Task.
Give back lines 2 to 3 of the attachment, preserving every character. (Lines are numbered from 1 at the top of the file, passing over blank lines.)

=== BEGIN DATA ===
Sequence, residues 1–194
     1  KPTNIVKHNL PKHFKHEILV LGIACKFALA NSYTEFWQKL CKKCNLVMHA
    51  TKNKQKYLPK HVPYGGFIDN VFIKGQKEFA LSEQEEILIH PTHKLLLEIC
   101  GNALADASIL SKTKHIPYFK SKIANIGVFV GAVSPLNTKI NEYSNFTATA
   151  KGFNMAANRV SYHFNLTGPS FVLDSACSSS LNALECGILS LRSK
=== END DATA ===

     1  KPTNIVKHNL PKHFKHEILV LGIACKFALA NSYTEFWQKL CKKCNLVMHA
    51  TKNKQKYLPK HVPYGGFIDN VFIKGQKEFA LSEQEEILIH PTHKLLLEIC